Time is money. Accuracy means less time. Therefor accuracy is money when it comes to excavator operations. It’s a simple equation for contractors that do a lot of digging or do certain types of digging where precision is important. Therefor it seems logical that it also pays to have good excavator operators, and it does, but even these pros can save time and earn more money with the help of grade control.
“A small utility contractor told me yesterday that his operator needs two fewer ground personnel with him after adopting this technology,” explains Seth Meisel, product manager at Trimble Civil Construction. “Those two people are now doing other tasks, and the resulting increase in productivity enabled the company to add three additional employees and capture an additional $3 million in work for a calendar year.”
Grade control or machine control systems mean an earthmoving machine is being partially controlled by technology and not the operator. On an excavator, it means technology helps control the boom and bucket functions of a machine via set parameters from the operator while digging with a bucket. Using an in-cab display, that operator can see the real-time position of the bucket and machine in relation to target grade and depth.
Of course, it sometimes takes money to make money, and grade control is not a small investment on a compact excavator, which we’ll categorize as excavators up to 10 metric tons in this article (although some cap minis at 6 metric tons). There are different types of grade control technology, and cost can vary significantly depending on whether the system is a 2D, 3D or some basic entry-level system offered from the manufacturer, noting 2D and 3D systems will be aftermarket products offered from the likes of Topcon, Trimble or Leica.
“When you have a $250,000 excavator and the technology is $20,000, why not?” says Greg Worley, global market professional for 1- to 10-ton excavators at Caterpillar. “If you have a $50,000 excavator, and the technology is $20,000, that’s a hard pill to swallow. Over 30 percent of your machine cost is the upgrade.”
That’s why a number of excavator manufacturers and technology OEMs have been trying to bridge the high cost of grade control with a more economical format for smaller excavators. These products are making the cost proposition more attractive to contractors these days, as grade control not only helps pros dig more accurately, it helps simplify complex jobs, create safer work environments, reduce labor costs, turn novice operators into experts and give contractors a competitive edge.
The Most Economical Grade Control
Precision. Efficiency. Speed. Safety. These are criteria that any contractor would love to add to excavator operations. So, it’s to reason that grade control systems could enhance almost any digging operation, if the cost is justifiable. It’s one of the reasons Caterpillar recently introduced two new “Ease of Use” technologies called E-Fence and Indicate for its 6- to 9-metric-ton compact excavators. The cost is very approachable at about $5,000.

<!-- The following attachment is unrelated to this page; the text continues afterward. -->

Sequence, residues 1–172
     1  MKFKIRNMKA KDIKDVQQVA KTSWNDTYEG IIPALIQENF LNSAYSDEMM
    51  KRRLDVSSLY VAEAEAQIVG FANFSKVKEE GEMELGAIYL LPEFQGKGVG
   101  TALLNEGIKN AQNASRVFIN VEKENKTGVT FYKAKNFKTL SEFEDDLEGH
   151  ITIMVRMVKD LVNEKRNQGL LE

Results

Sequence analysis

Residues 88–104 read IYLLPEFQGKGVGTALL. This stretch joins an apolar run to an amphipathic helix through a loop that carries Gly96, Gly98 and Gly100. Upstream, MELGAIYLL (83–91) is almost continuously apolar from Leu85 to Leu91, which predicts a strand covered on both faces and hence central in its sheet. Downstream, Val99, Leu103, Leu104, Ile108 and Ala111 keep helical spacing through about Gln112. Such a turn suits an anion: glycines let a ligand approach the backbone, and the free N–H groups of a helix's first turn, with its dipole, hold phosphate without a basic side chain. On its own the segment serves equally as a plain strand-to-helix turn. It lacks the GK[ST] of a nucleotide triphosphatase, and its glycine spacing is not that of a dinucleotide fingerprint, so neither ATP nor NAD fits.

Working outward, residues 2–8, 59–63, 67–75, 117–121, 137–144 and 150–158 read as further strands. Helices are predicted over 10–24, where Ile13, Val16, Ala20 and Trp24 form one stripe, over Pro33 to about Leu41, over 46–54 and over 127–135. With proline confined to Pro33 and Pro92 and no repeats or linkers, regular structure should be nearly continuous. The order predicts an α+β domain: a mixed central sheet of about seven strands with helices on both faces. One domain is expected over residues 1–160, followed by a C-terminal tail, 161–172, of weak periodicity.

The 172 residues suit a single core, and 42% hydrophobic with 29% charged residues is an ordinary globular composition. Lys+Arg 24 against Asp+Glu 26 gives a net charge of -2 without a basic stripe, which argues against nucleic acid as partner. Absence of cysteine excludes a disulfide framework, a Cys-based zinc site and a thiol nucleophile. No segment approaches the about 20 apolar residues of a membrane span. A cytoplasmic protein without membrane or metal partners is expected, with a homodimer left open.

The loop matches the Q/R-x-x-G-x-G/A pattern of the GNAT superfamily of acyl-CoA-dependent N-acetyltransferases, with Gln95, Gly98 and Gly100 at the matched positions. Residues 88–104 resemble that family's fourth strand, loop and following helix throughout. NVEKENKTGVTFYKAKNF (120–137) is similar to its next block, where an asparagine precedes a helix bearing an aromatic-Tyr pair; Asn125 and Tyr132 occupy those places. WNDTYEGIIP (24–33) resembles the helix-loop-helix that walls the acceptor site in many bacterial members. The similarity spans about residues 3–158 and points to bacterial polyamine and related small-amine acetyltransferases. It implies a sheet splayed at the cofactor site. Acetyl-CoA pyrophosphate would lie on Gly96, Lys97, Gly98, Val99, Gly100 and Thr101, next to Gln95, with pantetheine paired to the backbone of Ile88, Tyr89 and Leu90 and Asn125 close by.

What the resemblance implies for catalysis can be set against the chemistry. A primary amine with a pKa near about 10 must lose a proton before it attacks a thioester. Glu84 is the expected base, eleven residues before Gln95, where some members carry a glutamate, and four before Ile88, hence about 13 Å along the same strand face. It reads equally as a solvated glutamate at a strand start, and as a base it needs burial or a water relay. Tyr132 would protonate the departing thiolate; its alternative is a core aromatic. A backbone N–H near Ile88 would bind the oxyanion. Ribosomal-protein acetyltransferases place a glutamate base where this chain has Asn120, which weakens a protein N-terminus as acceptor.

“The biggest challenge with grade technology is that it still scares people, and there’s still a huge subset of people who just want to dig a hole,” says Worley. “However, there is a growing market for grade control on mini excavators based upon reliability of workers showing up or lack of workers, cost of workers. That’s a big driver for this type of technology, but it has to meet your cost value proposition. So, for those customers who are on the fence, $5,000 is a reasonable price to find out.”
These Ease of Use technologies are ideal for digging footings, septic systems, irrigation, electric utilities and landscape applications near structures or obstacles. Indicate provides visual and audible indications to bucket position compared to target grade. With Indicate, the operator selects target depth and slope from the cab guidance system, and Cat’s factory-installed monitor shows real-time work in progress and distance-to-grade feedback.
Cat’s E-Fence automatically constrains machine motion to within operator preset boundaries for ceiling, floor, wall and swing. Once the E-Fence range limits are established, no part of the boom, stick or bucket will pass the predefined limit(s). Setting height limits using E-Fence Ceiling helps operators avoid obstacles such as power lines or tree limbs. Fiber-optic cables and underground utilities are protected by the defined depth limits established with E-Fence Floor. Structures in front of the machine are protected by E-Fence Wall.
“We’re going to make all our [compatible] machines Ease of Use ready,” says Worley, noting a Cat dealer can install this tech in less than four hours. “We absorb the cost to do that, so we’re not charging anything extra on the machine that contractors won’t need. If they just want to dig a hole, they can, but if they want Ease of Use at any time, a Cat dealer can install it.”